HOW LONG WILL IT BE BEFORE WICHITA STATE IS BACK?: Gregg Marshall is one of the best coaches in all of college basketball, and the fact that he took last year’s roster and got them to 10-8 in the AAC and into the NIT should be proof of that. But the Shockers are losing Markis McDuffie and Samajae Haynes-Jones, their two leading scorers from last season, and dismissed Teddy Allen, who was supposed to be the leading scorer this year, last month.

Wichita State went 14-4 in the final two months of the 2018-19 season, including a stretch where they won 11 of 13 games against AAC opponents. They’ll win because Marshall is really good at his job. But as more time passes, it gets harder and harder to ignore the fact that in his last five years in the Missouri Valley, Marshall coached four NBA players – Cleanthony Early, Ron Baker, Fred VanVleet and Landry Shamet.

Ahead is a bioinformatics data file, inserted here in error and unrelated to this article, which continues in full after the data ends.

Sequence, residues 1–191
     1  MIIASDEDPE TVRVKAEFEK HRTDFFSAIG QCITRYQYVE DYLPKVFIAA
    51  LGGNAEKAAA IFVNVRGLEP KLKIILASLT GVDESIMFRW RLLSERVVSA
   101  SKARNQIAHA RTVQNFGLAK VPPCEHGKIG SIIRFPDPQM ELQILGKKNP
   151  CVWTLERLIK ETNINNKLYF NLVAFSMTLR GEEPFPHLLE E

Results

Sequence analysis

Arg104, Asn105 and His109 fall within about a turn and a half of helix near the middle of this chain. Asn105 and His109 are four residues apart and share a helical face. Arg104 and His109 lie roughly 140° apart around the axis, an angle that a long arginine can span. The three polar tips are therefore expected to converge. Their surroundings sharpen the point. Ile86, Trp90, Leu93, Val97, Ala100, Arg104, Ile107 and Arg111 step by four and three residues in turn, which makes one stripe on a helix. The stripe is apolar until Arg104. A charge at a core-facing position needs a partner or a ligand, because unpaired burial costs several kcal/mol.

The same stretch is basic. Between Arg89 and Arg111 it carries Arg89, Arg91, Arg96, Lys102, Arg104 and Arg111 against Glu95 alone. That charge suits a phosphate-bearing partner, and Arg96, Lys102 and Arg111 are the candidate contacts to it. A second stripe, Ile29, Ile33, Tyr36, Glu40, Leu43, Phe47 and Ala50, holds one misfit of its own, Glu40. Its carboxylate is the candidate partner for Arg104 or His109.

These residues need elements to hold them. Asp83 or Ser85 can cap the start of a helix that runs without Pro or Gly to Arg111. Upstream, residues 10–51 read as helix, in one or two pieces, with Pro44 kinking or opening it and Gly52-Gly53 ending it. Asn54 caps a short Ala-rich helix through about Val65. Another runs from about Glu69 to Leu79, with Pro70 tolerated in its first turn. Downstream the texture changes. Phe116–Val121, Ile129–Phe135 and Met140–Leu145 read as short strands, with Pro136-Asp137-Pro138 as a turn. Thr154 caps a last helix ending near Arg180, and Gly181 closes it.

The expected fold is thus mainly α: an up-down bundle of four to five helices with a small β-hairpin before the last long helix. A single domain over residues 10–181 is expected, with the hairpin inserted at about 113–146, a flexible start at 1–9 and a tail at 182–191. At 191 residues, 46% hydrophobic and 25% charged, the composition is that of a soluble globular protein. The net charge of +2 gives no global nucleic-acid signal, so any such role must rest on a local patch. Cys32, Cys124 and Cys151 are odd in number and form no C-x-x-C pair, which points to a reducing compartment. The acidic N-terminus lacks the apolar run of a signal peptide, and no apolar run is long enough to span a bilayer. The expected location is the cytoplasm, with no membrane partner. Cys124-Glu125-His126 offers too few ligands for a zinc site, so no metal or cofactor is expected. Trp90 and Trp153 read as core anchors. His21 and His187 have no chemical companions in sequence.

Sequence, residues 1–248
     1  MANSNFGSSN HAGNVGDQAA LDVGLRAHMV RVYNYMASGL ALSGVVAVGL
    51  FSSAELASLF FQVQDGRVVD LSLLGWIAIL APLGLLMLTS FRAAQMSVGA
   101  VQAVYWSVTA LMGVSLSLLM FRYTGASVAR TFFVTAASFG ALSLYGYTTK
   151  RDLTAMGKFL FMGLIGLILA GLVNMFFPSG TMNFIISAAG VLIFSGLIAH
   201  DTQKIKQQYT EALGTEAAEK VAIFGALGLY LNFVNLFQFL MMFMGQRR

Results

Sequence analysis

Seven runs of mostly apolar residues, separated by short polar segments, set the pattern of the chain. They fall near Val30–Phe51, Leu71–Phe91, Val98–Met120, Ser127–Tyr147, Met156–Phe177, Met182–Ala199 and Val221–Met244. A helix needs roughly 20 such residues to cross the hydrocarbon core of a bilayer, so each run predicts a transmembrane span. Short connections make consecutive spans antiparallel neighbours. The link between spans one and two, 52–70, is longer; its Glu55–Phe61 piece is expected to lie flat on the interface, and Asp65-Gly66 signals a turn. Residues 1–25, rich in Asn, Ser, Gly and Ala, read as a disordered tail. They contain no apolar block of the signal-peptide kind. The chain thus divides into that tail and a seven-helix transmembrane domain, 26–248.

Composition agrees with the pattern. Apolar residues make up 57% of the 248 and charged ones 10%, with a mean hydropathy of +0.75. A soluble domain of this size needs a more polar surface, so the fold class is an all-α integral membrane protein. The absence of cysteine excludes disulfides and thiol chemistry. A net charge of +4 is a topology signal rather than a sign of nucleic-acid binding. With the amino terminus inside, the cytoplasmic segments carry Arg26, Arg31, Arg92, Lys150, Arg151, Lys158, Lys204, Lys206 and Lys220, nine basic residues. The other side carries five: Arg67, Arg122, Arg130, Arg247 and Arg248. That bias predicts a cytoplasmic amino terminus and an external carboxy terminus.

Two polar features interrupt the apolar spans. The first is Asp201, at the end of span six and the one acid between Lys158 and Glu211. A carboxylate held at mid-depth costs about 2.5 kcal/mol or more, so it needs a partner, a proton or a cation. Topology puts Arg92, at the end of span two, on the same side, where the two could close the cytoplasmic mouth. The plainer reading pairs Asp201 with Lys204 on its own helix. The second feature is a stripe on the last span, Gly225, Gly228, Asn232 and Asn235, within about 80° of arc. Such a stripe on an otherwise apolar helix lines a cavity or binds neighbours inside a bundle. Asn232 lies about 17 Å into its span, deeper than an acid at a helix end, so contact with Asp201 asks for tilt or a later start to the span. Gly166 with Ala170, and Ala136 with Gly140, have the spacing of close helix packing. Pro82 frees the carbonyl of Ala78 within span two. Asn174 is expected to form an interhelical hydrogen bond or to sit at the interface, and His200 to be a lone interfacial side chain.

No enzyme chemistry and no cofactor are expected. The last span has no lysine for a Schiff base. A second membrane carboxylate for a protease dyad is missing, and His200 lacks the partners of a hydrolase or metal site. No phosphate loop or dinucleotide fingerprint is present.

(Andy Lyons/Getty Images)

WHO’S GONE

  • MICK CRONIN, Cincinnati: This is a massive blow to the Cincinnati program, as Cronin had become one of the most consistently successful coaches in college basketball.
  • COREY DAVIS, ARMONI BROOKS and GALEN ROBINSON, Houston: The Cougars are going to have to totally rebuild their perimeter attack, and while there are some pieces there – DeJon Jarreau, Nate Hinton, Quentin Grimes – it is not going to be easy to replicate what they lost.
  • TEDDY ALLEN, Wichita State: For my money, Allen getting dismissed is a bigger loss either McDuffie or Haynes-Jones. Marshall planned to lose his seniors, and part of that plan was having Allen’s scoring pop to replace them.
  • EVERYONE, UCF: The Knights came within one bucket of beating Duke to get to the Sweet 16 last season, but they are going to have their work cut out for them this season with Tacko Fall, B.J. Taylor and Aubrey Dawkins all gone.
  • SHIZZ ALSTON, Temple: Alston was one of the best guards in the conference, and he will be following Fran Dunphy out the door.

WHO’S BACK

  • JARRON CUMBERLAND, Cincinnati: James Wiseman is the best prospect in the conference, but for my money, Cumberland is going to be the best player in the AAC this season. There is a new coaching regime, and Cumberland’s presence should help ease the transition period.